Serbia Erupts in Protests “Against the Dictatorship” of Aleksandar Vucic

Serbs are demonstrating ‘against the dictatorship’ of prime minister and soon-to-be president Aleksandar Vucic in the latest wave of anti-authoritarian protests to hit the Balkans.


Protesters filled the streets of Serbia’s two main urban centers of Belgrade and Novi Sad last night to demonstrate ‘against dictatorship’, following the victory of Prime Minister Aleksandar Vucic of the ruling Progressive Party (SNS) in Sunday’s presidential election. The win will extend the powerful premier’s rule by five more years. Several thousand protesters amassed in front of Belgrade’s parliament building, in front of the State Electoral Commission (RIK), and in the capital’s main Republic Square. Some congregated in front of the state television broadcaster RTS, or sat and blocked traffic on Svetogorska street in the city center.

The seemingly spontaneous protests were reportedly first announced on Facebook. Prime Minister Vucic — that power-consolidating standard-bearer of Balkan stability — appears to have won Sunday’s presidential election easily with an astonishing 55.1 percent of the vote. Though protesters complained of a host of alleged electoral irregularities, most said they’d simply turned out because they opposed the fact that the prime minister had become president in an unambiguously authoritarian power grab redolent of Putin and Erdogan.

Some veterans of Serbia’s long tradition of street protest likened the demonstrations to the student protests of 1996-97 against Slobodan Milosevic, for whom Vucic once served as minister of information. A favorite slogan from that time was ‘Samo setnja Srbina spasava‘, or ‘only a walk will save the Serbs’, a play on the national motto ‘Only Unity saves the Serbs’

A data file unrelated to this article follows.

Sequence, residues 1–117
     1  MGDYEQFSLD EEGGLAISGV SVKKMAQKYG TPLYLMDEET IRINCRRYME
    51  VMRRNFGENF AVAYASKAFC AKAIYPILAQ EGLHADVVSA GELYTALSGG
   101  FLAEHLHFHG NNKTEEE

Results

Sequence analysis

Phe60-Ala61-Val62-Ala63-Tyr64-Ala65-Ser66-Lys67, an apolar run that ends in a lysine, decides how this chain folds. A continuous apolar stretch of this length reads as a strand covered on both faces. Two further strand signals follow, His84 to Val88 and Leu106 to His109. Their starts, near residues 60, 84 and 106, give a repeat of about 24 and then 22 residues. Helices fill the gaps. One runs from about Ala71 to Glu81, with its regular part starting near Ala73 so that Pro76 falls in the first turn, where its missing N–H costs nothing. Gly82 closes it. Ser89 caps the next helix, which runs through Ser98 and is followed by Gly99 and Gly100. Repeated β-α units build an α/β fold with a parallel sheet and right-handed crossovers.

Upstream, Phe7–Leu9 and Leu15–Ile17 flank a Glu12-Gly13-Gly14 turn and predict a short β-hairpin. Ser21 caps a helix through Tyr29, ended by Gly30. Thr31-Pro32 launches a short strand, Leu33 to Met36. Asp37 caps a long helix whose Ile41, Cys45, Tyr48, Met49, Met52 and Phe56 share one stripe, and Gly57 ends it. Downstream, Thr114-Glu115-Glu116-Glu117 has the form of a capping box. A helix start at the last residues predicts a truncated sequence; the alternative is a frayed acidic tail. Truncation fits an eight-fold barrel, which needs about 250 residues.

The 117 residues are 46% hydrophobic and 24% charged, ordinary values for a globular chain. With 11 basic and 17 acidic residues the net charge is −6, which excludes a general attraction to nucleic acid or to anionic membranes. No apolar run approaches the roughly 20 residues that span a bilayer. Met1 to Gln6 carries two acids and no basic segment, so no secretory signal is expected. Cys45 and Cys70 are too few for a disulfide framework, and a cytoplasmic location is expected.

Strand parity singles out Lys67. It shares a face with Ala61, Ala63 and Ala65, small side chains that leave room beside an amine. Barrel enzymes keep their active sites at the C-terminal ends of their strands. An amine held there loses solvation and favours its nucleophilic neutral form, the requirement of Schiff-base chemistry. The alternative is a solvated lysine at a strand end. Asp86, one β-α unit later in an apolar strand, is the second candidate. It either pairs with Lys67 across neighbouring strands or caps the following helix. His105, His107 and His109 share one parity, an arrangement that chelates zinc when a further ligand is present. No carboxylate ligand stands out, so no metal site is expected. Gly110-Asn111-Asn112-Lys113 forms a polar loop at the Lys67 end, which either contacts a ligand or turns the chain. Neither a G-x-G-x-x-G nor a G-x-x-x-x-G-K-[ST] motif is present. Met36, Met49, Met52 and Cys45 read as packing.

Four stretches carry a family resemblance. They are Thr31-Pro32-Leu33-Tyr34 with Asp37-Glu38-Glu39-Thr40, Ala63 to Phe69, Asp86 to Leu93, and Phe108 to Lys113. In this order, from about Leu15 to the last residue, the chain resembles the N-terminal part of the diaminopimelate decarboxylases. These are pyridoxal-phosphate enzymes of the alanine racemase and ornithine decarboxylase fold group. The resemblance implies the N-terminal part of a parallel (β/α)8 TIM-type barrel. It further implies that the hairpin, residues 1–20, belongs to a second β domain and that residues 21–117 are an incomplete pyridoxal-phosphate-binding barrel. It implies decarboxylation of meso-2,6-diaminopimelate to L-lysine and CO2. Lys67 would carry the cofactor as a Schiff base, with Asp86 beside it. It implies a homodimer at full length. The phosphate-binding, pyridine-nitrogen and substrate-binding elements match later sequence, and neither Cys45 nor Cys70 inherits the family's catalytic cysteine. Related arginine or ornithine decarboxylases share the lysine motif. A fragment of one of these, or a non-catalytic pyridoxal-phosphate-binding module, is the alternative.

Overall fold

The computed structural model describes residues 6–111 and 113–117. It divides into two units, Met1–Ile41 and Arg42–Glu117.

All protests in the Balkans tend to be viewed with suspicion — sometimes fairly, sometimes not — as anti-democratic fifth column George Soros-funded affairs. The government has certainly labeled them that way, and will continue to slander them as such in the press, however much Vucic might deserve the public’s discontented response to his consolidation of power. These types of protests are starting to acquire a sort of sameness: Macedonia recently experienced a series of anti-government protests collectively dubbed the “Colorful Revolution”. So far, it has proven unsuccessful.

Most people in Serbia believe the protests will remain peaceful and ultimately flame out on their own. ‘[Vucic] learned his lesson in the 1990s not to use force,’ one protester explained to me. The demonstrations will unfortunately give the government more ammo to attack the ‘out-of-touch’ young urban elite who will be depicted as having been paid to protest by Soros and trained by the CIA, an integral narrative in Serbian national mythology dating back to the last millenium, and recently culturally appropriated by autocrats such as Donald Trump in the United States.

So the protests in Belgrade and Novi Sad have also further highlighted the urban-rural divide in Serbia. While opposition candidates seemed to have received some campaign space in the capital, in smaller towns and the vast rural swath of the country, Vucic’s billboards have been disturbingly unavoidable. Second-place candidate and former Ombudsman Sasa Jankovic has been widely described as the candidate of choice in urban areas, and ultimately garnered 16.27 percent of the vote. Jankovic’s pre-election rally in Belgrade on March 29th drew an estimated 10,000 people. But at least for now, it’s difficult to imagine Jankovic pulling off proportionately-sized feats far beyond the country’s major regional capitals.

That said, the protests that started in Belgrade and Novi Sad are supposed to spread to other cities and towns tonight. An informal schedule of demonstrations ‘against dictatorship’ is being circulated on social media. We’re reproducing it below.

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Paracin — Spomenik Branko Krmanovic 19h

Zrenjanin — 18h

Leskovac ispred robne kuce — 18h

Bor — 19h

Lazarevac — 19h

Pozarevac — 18h

Uzice — 18h

Nis Trg Kralja Milana — 18h

Sabac — Trg Sabackih zrtava u — 18h

Kraljevo — “Kod Milutina” — 18h

Subotica — Narodno pozoriste — 19h

Novi Sad Fontana Ispred Bajica — 18h

Sombor — Celavi Trg — 18h

Belgrade — Skupstina — 18h

Kragujevac — Trg Nardnih Heroja — 18h


Cover photo credit: Twitter/@maroevic

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Lily Lynch

Lily is co-founder and editor-in-chief of Balkanist Magazine. She lives in Belgrade, Serbia.